The cryptocurrency world is full of stories of people who are either getting hacked for their precious digital currencies, or they are falling into scams and traps.

Because of the decentralized and open nature of the cryptocurrency world, protection is not freely offered. Users are rather expected to be savvy enough to not fall for scams and traps, but that takes some work.

Below are a number of notable types of scams and some tips on how to avoid them.

Fake ICOs

The ICO market and its related frenzy have been unprecedented in recent times. As a crowdfunding exercise, companies have seen millions of dollars roll in in a matter of minutes as people look to invest in the latest startup or digital currency.

However, scammers have also taken advantage of this frenzy by putting up fake ICOs.

Fake ICOs are not that easy to spot, as some believe themselves that they are legitimate. What you should be looking for is proof of endorsements and involvement from reputable figures, as well as a legitimate team.

The Whitepaper is also your go-to to determine if the company has a clear plan and idea, or if they are simply waffling on about nothing particular.

Of course, some ICOs are not scams and are legitimate, but many still be a trap and something to avoid.

Wallet scams

Because the majority of cryptocurrency users use online wallets, they are also easy options for scammers to try and utilize in order to attack people’s cryptocurrency stashes.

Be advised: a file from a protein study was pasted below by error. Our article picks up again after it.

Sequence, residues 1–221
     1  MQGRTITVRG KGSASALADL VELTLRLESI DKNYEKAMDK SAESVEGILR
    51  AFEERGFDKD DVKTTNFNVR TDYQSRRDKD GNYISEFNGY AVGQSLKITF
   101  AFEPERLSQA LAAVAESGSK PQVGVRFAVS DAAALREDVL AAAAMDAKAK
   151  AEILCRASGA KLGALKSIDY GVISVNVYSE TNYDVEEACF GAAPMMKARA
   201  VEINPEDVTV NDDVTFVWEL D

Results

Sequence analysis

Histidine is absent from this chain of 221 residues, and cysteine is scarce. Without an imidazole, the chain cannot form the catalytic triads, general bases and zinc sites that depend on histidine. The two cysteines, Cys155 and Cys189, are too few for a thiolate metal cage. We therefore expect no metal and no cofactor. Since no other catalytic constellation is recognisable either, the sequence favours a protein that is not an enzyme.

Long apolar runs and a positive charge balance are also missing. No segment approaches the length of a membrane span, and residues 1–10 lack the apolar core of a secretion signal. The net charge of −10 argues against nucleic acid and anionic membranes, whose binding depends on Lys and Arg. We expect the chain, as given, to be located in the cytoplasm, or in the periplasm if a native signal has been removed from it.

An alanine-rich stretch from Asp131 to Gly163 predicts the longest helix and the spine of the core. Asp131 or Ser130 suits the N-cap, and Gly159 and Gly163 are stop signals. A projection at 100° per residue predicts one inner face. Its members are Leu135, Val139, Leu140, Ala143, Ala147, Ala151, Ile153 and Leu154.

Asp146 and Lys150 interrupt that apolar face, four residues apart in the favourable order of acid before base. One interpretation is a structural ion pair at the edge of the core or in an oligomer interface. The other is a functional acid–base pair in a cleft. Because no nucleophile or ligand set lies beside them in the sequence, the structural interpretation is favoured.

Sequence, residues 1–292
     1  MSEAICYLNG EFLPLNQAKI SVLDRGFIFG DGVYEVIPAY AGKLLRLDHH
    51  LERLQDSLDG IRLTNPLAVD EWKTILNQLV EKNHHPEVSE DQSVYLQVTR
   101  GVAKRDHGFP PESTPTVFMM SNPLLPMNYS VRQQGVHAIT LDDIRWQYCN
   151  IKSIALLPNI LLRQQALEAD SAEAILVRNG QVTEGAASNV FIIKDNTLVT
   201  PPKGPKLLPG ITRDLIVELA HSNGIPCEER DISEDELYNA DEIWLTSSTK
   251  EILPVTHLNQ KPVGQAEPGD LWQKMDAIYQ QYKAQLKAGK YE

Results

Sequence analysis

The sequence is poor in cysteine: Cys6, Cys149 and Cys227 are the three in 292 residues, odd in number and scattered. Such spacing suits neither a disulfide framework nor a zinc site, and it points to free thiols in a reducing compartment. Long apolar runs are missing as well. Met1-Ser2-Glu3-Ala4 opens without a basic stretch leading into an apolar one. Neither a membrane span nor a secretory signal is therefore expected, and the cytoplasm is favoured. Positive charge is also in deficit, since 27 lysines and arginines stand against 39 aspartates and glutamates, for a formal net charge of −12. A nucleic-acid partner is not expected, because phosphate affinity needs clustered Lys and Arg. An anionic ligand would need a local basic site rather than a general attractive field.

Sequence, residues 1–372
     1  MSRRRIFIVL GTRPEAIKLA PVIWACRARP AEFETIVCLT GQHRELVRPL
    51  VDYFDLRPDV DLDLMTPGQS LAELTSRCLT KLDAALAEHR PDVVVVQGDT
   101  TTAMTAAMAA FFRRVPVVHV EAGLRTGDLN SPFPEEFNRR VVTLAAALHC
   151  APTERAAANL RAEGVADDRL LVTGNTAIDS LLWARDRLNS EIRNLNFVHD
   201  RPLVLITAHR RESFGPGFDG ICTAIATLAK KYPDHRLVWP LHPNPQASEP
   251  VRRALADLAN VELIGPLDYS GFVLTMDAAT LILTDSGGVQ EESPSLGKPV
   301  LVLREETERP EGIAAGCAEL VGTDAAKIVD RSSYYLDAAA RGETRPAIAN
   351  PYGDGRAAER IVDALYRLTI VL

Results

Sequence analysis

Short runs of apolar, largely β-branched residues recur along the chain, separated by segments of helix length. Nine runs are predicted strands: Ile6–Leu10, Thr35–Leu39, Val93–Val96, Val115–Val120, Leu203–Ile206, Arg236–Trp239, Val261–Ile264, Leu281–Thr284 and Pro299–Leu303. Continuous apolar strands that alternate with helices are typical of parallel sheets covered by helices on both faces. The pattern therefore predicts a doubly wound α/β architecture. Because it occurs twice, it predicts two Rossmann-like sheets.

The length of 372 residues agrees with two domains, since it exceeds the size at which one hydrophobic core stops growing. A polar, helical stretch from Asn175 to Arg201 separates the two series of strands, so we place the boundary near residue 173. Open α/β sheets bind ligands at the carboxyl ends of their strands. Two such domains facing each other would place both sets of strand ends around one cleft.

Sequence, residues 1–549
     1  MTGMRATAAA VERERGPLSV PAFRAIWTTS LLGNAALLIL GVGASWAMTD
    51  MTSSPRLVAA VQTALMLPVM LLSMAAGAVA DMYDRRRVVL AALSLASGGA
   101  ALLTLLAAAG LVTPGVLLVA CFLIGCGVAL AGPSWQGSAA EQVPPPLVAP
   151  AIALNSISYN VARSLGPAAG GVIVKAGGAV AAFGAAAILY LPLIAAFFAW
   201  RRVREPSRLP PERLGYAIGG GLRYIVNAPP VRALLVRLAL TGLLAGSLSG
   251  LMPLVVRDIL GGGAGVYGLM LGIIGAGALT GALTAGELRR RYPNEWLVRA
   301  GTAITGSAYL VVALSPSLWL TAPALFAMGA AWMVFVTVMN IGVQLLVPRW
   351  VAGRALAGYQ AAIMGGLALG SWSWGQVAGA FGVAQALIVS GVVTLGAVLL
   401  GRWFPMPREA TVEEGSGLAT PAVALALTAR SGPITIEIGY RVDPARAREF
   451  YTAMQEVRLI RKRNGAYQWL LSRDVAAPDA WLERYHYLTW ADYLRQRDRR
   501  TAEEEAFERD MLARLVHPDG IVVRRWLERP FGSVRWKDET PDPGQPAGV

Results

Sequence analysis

There are thousands of online wallet choices out there, but it is vital that you chose one that is reputable or that you have researched well and vetted. An added bonus, which is not always the case, is to go with one that does not store your private key.

Email scams

Because emails are so easily dished out, they are ideal tools for scammers to use to try and pry digital currencies off people in scams.

Recently, a number of Blockchain enthusiasts have received emails from an address claiming to be MyEtherWallet. They were prompted to log into a fake version of the site to prevent losing their funds.

Email scammers often pose as wallet providers and are often searching for people who are easily swayed to give out their private key. As a rule, you should never have to hand over your private key, especially not over email.

Fake exchanges

While there are thousands of wallet providers, many of them scams and unreportable, the same applies for exchanges. It is again important to be savvy and smart when deciding on an exchange to use.

A general rule is that although smaller exchanges may be fine, it is always best to go with big and popular ones. This can also help with avoiding odd pricing and fluctuations.

Generally, it is quite easy to spot a fake exchange if you have been in the cryptocurrency world for a while; however, for an absolute newbie, it is best to go with the popular and well know ones.